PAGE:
Humility

.After the people saw the sign Jesus performed, they began to say, “Surely this is the Prophet who is to come into the world.”
Jesus, knowing that they intended to come and make him king by force, withdrew again to a mountain by himself. (John 6:14-15)

“Go to the village ahead of you, and at once you will find a donkey tied there, with her colt by her. Untie them and bring them to me.” (Matthew 21:2)

Jesus made water into wine, multiplied the loaves and fishes, healed the sick, cast out demons, and raised the dead. Massive crowds hung on his every word. He was God in the flesh, the Creator of the universe. When he made his triumphal entry into Jerusalem a week before he was crucified, he came riding on a donkey.

There were many prophesies in the Old Testament about when the Messiah would come, what he would accomplish, and what he would be like. The prophet Zechariah predicted that the Messiah would arrive humbly, upon a donkey (Zechariah 9:9). Donkeys were beasts of burden, used for carrying food and supplies. They were not the sort of animal anyone expected to carry a conquering king. When heading off to war, kings sat on mighty steeds or in chariots behind a team of horses. The President of the United States does not peddle a bicycle to across town to address Congress. But that’s just how Jesus rode into Jerusalem, upon the lowliest of animals used for human transportation.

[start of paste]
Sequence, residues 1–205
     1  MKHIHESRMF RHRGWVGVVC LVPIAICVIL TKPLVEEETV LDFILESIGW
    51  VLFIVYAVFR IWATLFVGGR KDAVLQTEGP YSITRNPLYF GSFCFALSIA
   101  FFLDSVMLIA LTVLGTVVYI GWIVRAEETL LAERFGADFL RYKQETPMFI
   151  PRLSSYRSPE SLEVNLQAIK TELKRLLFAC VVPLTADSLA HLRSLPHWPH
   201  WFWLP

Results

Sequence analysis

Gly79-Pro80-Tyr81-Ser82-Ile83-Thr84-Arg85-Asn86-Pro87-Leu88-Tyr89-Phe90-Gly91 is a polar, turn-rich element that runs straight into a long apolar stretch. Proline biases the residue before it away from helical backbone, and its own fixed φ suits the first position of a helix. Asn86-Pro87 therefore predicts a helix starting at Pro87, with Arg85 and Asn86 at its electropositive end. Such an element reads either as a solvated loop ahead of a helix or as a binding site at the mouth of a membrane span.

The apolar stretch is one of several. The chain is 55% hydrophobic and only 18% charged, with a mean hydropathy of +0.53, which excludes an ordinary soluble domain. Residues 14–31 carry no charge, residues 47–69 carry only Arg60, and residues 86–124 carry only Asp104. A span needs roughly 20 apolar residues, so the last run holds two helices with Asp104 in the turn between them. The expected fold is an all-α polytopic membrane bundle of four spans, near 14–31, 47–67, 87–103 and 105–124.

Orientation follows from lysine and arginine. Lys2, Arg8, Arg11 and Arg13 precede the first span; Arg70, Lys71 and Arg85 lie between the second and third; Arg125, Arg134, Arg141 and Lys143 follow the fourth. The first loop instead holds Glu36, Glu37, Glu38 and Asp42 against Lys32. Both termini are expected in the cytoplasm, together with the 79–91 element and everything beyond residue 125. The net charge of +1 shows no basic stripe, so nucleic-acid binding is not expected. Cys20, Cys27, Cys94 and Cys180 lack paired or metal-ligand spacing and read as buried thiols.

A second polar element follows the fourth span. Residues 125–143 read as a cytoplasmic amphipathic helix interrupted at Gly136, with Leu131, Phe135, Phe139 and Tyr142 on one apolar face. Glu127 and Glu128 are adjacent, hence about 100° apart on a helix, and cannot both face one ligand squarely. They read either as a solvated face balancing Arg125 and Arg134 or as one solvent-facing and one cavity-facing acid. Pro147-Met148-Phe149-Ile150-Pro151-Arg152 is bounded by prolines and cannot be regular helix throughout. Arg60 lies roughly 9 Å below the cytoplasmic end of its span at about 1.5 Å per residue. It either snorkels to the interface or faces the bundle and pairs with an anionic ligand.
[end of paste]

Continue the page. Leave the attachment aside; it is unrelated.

By arriving in Jerusalem in such a manner, Jesus announced to the crowds that though he was the Messiah, he was not going to conquer the world in quite the manner they might have anticipated. Most of the disciples missed that Jesus was God’s servant, conquering the world by dying for its sins.

This same Jesus has come into your life. Have you accepted what that really means? Or have you allowed your expectations to get in the way of glorious reality?

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About R.P. Nettelhorst

I'm married with three daughters. I live in southern California and I'm the interim pastor at Quartz Hill Community Church. I have written several books. I spent a couple of summers while I was in college working on a kibbutz in Israel. In 2004, I was a volunteer with the Ansari X-Prize at the winning launches of SpaceShipOne. Member of Society of Biblical Literature, American Academy of Religion, and The Authors Guild
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